The state of driver’s license revocation

| Oct 20, 2017 | Drivers License Suspension Or Revocation |

Certain violations of Massachusetts’s laws might lead to an individual losing the right to drive. With the deleterious economic and social ramifications of losing a license taken into consideration, most drivers choose to pursue a conditional license.

It bears mentioning that not all license suspension is the result of penalties for DWI conviction or traffic violation. A nationwide report published by the Legal Aid Justice Center shows the prevalence of laws that delineate license revocation as a penalty for being in arrears on court fees. While Massachusetts has a relatively generous policy regarding this condition, inasmuch that the state allows an extended payment period and only penalizes drivers for debts related to motor vehicle offenses, this mandatory penalty might still prove harmful for individuals whose ability to drive is a prerequisite for the fulfillment of personal and professional obligations.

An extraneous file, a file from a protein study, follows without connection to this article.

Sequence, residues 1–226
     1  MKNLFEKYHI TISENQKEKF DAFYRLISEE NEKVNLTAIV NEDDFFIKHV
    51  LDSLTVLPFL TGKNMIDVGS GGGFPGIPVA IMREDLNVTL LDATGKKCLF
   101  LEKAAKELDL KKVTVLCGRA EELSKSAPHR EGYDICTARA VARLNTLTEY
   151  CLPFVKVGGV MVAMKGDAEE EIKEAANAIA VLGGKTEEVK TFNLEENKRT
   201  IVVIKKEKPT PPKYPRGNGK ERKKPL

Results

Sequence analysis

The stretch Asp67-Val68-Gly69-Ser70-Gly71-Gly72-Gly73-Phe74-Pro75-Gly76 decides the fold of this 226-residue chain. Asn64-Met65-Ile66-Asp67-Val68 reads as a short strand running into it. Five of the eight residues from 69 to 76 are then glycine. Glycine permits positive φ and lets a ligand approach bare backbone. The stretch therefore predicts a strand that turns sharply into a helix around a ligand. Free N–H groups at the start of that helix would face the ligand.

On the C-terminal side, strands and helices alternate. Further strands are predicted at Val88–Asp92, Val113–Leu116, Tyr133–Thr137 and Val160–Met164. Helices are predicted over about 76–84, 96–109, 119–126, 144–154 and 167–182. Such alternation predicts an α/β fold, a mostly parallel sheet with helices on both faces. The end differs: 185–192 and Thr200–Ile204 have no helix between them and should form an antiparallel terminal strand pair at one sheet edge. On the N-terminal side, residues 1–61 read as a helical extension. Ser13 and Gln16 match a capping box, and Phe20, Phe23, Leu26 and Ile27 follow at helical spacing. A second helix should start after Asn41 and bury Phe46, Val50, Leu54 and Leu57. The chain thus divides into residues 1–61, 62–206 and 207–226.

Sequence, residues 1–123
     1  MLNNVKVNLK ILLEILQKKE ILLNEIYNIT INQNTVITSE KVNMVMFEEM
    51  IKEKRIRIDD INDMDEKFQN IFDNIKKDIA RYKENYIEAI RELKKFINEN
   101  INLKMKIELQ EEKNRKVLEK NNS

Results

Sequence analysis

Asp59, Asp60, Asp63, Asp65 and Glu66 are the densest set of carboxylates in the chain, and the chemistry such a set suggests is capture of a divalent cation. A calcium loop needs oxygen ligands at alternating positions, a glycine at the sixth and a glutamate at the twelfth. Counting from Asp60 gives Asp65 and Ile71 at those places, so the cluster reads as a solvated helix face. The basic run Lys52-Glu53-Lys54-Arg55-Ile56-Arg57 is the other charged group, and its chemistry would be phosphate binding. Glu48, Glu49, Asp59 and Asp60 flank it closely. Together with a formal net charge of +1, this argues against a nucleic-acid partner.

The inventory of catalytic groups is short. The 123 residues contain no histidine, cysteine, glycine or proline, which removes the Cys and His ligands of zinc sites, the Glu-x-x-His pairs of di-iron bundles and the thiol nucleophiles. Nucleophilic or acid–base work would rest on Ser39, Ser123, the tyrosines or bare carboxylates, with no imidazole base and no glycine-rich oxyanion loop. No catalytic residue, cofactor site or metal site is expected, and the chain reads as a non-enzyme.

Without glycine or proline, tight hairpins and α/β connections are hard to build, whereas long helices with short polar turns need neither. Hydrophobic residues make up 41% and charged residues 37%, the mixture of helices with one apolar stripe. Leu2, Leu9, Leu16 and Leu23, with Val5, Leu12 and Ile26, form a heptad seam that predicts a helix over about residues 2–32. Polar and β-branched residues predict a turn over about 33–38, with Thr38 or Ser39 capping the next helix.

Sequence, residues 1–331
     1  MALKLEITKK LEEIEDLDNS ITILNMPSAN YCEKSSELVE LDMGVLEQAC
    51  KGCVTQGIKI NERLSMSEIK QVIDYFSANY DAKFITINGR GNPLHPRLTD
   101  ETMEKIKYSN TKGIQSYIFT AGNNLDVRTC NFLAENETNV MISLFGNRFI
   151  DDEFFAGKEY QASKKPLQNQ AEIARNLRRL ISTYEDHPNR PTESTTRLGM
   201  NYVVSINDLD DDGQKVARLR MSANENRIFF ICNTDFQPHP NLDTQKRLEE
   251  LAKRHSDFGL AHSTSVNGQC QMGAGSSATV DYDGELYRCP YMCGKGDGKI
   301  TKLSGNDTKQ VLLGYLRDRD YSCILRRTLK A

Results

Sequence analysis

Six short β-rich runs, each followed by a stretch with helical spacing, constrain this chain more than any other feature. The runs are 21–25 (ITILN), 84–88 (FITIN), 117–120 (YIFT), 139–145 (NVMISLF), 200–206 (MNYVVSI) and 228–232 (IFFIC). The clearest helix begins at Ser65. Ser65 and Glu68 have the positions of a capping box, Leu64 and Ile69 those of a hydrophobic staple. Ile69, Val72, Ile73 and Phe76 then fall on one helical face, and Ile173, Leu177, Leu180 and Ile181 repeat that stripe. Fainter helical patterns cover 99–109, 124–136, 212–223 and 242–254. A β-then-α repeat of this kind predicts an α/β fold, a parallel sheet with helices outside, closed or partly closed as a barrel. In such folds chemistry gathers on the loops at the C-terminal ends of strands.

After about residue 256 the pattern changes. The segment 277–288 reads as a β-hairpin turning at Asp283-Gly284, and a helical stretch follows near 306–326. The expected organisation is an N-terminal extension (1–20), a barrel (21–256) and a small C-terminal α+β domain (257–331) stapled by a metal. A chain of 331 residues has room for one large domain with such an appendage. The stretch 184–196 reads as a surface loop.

Debt is not the most common cause of license revocation. For most of the typical precipitants of license loss, the state has a system in place for conditional reinstatement of driving rights. As stated on the official Massachusetts website, there are several sets of criteria one must fulfill to obtain a hardship license. The categories differ based on the offense in question:

  • Repeated traffic offenses
  • OUI offenses
  • Drug crimes

Along with the different criteria, these conditional licenses also carry specific requirements appropriate to the related offense. For example, the court adds automatic starter lock restrictions to hardship licenses issued to individuals convicted of multiple OUI violations. These licenses are issued and maintained at the discretion of the court, and only after the licensee meets specific conditions. The criteria differ significantly from one case to the next, and are based on the nature of the offense leading to the initial suspension.